Midtown Manhattan, with Bryant Park on lower left, between 40th & 42nd Streets.
The "Town Hall" is on 43rd Street, between Sixth and Seventh Avenues.
After the interview, the prophet continued to walk rapidly east along 42nd, towards Fifth Avenue, followed by a sizable entourage.  But I walked back west instead to Sixth Avenue to take the D train back to Brooklyn.

You can click on any of the pictures to view all of them in a somewhat larger and clearer format, in a sort of gallery show.  Click on the white X at the top right of the black background to return to this post.

Sanders crossing on the streets of Manhattan, 2016-01-06
photographs (not the best): A. Janah

Sanders being interviewed by an ABC News reporter,
Bryant Park, Manhattan, 2016-01-06

photographs (somewhat better): A. Janah



Thursday, January 14, 2016

Nature's Wine

Nature's Wine 

When the spirit has been troubled
And the body too is weak,
We may turn then to the spirit
That is bottled, there to seek
For the comfort that is lacking
In our lives and in our work,
And for refuge from the troubles
And the woes that daily irk.

But the truth is that the spirit,
From such potions, won't revive,
But will only more be weakened
Till it barely can survive.
But we still can heal our bodies
And our minds with Nature's wine,
For by looking out the window,
We can drink of the divine.

2015 January 14th, Thu.
Brooklyn, New York

See also: Beer and Wine
( )

Saturday, January 9, 2016

Broverbs of Pain

Broverbs of Pain

How red the wind-tossed roses blow,
How sharp, their curving thorns!
And just as red, the blood will flow
From thumbs of eager hands.

How beautiful she does appear
To those who yearn for her!
What misery, they do not know,
That yearning might confer!


How beautiful, that song of love
That’s sung in soundless tones.
How silently that river flows
That runs so swift and deep.


How tender is the heart of love,
How hard, the one of hate.
And in-between is callousness—
That leaves us to our fate.

Who murders, knows what he has done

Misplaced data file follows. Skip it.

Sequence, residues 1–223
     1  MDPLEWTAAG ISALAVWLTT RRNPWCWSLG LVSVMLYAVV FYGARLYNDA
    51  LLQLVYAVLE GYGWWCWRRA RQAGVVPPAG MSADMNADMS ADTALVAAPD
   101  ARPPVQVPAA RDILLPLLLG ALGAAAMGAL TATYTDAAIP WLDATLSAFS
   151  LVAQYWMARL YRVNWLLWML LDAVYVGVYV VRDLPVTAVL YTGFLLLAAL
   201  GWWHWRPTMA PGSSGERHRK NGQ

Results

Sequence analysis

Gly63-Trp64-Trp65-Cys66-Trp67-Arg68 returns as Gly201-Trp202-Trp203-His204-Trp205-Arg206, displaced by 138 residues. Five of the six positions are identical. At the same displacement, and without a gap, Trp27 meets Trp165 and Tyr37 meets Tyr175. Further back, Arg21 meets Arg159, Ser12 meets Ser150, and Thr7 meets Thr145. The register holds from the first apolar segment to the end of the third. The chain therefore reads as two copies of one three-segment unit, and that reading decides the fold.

And all his life repents,
Unless he’s blinded by that fog
That makes of Earth a hell.


Though pleasures might be shallow, short,
While pain is deep and long,
There’s joy that’s true that melds with woe
And so gives rise to song.


As sculptures, paintings get their depth
From shadows more than light,
So also we are deepened more
By pain than by delight.

Look not to me for happiness,
But only more of grief.
Of all the happiness you’ve earned,
I might be called the thief.


I met a man in a hopeless state—
Or so it seemed to be.
Yet when I greeted him, he smiled
And kindly looked on me.


There’s comfort in a misery
To which we are accustomed,
But newer woes can startle us
And shatter our repose.

We yearn for things we cannot get,
Neglecting what we had.
And some of us, on knowing this,
Might even feel regret.

When it’s cold and gray and raining,
In the dreary winter climes,
We remember then the sunshine
And the warmth of bygone times.
When the sun is high and blazing,
In the heated tropic zone,
We have dreams of clouds and rain then—
And of winters we have known.

2016 January 8th, Fri., 8:30-9:30 pm
David H. Koch Theater, Lincoln Center
Columbus Avenue and 63rd Street
New York, New York
(added later in Brooklyn: 4th quatrain 
and 3rd, 4th & 5th quatrains from end)
a big fat ingrate, giving the finger to the notorious multi-
-billionaire David H. Koch, in the theater named after him
at the Lincoln Center, New York City, 2016 January 8th

(Click on the image for a slightly better view of the degenerate,
and then click on the white X at the top right of the black
background to return to this post.)